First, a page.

Abdominal Aortic Aneurysm

Minimally invasive heart stents prove safer

Researchers at the University of California, San Diego School of Medicine have documented the safety benefits of aortic stent grafts inserted during minimally invasive surgery to repair abdominal aortic aneurysms – weaknesses ...

Jul 09, 2014
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Abdominal aortic aneurysm (also known as AAA, pronounced "triple-a") is a localized dilatation (ballooning) of the abdominal aorta exceeding the normal diameter by more than 50 percent, and is the most common form of aortic aneurysm. Approximately 90 percent of abdominal aortic aneurysms occur infrarenally (below the kidneys), but they can also occur pararenally (at the level of the kidneys) or suprarenally (above the kidneys). Such aneurysms can extend to include one or both of the iliac arteries in the pelvis.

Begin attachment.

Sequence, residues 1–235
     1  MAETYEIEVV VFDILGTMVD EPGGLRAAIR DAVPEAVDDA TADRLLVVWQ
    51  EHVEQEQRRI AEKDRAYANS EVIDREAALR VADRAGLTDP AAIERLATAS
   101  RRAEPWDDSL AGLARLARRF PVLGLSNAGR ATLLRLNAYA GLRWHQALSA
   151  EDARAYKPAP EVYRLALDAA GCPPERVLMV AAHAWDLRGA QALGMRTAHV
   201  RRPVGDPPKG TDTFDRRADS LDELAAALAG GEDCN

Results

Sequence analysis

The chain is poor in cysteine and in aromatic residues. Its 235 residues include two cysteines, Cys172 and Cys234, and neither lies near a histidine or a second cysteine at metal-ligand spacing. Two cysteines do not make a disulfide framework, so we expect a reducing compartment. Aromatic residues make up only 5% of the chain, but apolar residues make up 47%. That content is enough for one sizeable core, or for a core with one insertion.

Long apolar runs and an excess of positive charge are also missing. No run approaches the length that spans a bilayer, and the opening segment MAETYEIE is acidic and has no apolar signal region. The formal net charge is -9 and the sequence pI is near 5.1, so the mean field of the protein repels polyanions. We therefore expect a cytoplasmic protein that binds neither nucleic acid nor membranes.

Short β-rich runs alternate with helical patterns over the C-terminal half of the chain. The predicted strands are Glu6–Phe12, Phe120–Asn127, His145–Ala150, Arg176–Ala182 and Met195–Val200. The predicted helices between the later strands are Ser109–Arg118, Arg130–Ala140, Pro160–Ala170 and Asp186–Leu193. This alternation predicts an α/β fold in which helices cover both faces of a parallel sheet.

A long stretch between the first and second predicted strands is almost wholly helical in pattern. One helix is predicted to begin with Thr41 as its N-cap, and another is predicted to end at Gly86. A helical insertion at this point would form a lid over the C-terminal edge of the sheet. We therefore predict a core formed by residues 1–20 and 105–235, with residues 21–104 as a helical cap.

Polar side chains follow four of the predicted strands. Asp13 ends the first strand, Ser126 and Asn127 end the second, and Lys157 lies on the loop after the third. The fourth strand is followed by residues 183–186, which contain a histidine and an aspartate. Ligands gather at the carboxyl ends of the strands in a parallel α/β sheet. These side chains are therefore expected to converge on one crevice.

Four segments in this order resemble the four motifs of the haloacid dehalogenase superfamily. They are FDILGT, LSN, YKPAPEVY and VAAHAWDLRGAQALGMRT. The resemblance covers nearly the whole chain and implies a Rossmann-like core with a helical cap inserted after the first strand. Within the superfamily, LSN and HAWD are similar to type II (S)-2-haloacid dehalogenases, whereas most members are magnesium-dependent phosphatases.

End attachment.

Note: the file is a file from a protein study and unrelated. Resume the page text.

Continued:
Abdominal aortic aneurysms occur most commonly in individuals between 65 and 75 years old and are more common among men and smokers. They tend to cause no symptoms, although occasionally they cause pain in the abdomen and back (due to pressure on surrounding tissues) or in the legs (due to disturbed blood flow). The major complication of abdominal aortic aneurysms is rupture, which is life-threatening, as large amounts of blood spill into the abdominal cavity, and can lead to death within minutes. Mortality in the hospital is 60% to 90%.

Surgery is recommended when the aneurysm is large enough (>5.5 cm in diameter) that the risk of surgery (1% to 6%) is less than the risk of rupture. In open surgery, the surgeon opens the abdomen and stitches in a replacement section of artery; in endovascular surgery the surgeon feeds the replacement section through the patient's artery and replaces it from inside.

There is moderate evidence to support screening in individuals with risk factors for abdominal aortic aneurysms (e.g., males ≥65).

This text uses material from Wikipedia licensed under CC BY-SA

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